The Student Room Group

Is Midwifery a good career choice

I want to study midwifery but my family is discouraging me because they know I don’t handle other people’s bodily excretions well. I think when I study and go on placement I’ll learn to overcome this problem, especially since most healthcare courses have stuff that make me queasy, to an extent.

They’re also telling me it’s too demanding and I’ll get worn out which I’m not gonna deny.. but at the same time isn’t this something you learn to manage over time? The work hours per week aren’t that different to radiography, (which is what they want me to do) so it’s not like I’ll be at home less. I wouldn’t mind doing radiography but imo it’ll be more mentally rewarding for me to help women in labour and see babies enter this world than to see broken bones and upsetting cancer cases. Obviously midwifery won’t always be sunshine and rainbows but I just want some advice as I’m a bit conflicted atm
Reply 1
Original post by Anonymous
I want to study midwifery but my family is discouraging me because they know I don’t handle other people’s bodily excretions well. I think when I study and go on placement I’ll learn to overcome this problem, especially since most healthcare courses have stuff that make me queasy, to an extent.
They’re also telling me it’s too demanding and I’ll get worn out which I’m not gonna deny.. but at the same time isn’t this something you learn to manage over time? The work hours per week aren’t that different to radiography, (which is what they want me to do) so it’s not like I’ll be at home less. I wouldn’t mind doing radiography but imo it’ll be more mentally rewarding for me to help women in labour and see babies enter this world than to see broken bones and upsetting cancer cases. Obviously midwifery won’t always be sunshine and rainbows but I just want some advice as I’m a bit conflicted atm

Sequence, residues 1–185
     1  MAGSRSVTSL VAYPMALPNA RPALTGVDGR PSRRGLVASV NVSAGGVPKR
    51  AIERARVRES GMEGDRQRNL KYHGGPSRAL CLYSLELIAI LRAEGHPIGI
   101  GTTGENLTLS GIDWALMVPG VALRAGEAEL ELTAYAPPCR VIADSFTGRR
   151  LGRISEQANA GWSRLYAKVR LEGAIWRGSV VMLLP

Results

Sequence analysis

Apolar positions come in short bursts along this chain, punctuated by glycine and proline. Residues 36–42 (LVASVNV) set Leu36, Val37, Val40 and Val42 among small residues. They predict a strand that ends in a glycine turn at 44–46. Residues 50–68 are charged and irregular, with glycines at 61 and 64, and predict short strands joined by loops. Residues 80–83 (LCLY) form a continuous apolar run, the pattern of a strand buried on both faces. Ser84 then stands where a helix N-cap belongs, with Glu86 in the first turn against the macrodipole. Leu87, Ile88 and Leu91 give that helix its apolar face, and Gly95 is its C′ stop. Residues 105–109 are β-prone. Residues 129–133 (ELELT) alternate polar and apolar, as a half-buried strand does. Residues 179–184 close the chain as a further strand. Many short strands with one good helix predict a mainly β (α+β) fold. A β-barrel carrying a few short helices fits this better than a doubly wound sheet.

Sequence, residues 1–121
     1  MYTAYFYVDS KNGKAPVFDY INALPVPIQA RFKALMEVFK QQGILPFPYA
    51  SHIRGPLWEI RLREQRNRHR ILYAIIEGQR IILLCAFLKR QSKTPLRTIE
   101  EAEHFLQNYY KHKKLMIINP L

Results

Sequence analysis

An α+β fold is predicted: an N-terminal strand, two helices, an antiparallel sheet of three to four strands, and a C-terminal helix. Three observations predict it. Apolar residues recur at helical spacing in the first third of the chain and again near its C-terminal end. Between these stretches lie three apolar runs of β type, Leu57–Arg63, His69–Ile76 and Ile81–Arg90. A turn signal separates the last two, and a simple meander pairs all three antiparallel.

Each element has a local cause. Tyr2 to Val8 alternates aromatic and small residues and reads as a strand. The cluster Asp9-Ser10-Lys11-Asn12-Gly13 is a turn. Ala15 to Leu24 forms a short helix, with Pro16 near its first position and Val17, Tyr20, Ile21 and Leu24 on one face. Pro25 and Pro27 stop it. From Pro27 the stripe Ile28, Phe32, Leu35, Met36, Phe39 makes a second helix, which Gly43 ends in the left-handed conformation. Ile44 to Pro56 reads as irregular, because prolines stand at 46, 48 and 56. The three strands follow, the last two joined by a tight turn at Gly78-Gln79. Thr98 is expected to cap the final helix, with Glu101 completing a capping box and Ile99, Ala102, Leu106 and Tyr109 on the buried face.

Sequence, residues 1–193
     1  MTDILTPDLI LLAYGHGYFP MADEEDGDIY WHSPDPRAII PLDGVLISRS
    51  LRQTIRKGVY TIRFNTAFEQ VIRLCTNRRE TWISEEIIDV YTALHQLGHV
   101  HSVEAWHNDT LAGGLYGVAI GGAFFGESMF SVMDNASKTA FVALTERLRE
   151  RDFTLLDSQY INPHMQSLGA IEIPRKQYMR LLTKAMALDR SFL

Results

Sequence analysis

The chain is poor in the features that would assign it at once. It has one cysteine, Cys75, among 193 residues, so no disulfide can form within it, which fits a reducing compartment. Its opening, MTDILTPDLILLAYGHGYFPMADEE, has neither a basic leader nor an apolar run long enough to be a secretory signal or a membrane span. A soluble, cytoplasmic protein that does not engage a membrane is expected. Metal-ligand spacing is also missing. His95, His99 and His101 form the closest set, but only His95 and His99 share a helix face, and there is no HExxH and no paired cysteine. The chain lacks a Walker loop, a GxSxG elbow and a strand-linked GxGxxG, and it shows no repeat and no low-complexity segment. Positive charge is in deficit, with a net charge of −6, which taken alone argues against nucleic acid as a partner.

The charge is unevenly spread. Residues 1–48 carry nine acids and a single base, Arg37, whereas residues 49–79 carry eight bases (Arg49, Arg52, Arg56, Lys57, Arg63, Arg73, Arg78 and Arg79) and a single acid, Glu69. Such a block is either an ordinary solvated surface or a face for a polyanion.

Midwifery is a absolutely fantastic job and it's a unique job to be doing.
I would certainly recommend it to you if you are 100% sure you want to become a registered midwife after qualifying.

Your actual shifts will depend on what the working pattern are for the particular NHS hospital trust you are working under okay - some hospitals work a straight long hour shift pattern ( 12.5/13 hours) over 3 days from 7 days as you'll get four days off. Other hospital trust works a split shift pattern each day which means you'll probably be working 5 days out of 7 days per week.
There's community midwifing working in a GP practice which usually means you are only working the GP opening hours with a day off during the week and free weekends, there also community midwifing which works similar hours to the hospitals with 24/7 care.

Not all midwife's are delivering the babies as you have those who'll be looking after the new born babies and mothers.

Obviously as a student midwife you'll be working whatever hours you are allocated to do per week under the particular NHS hospital trust working patterns.

NHS registered midwife

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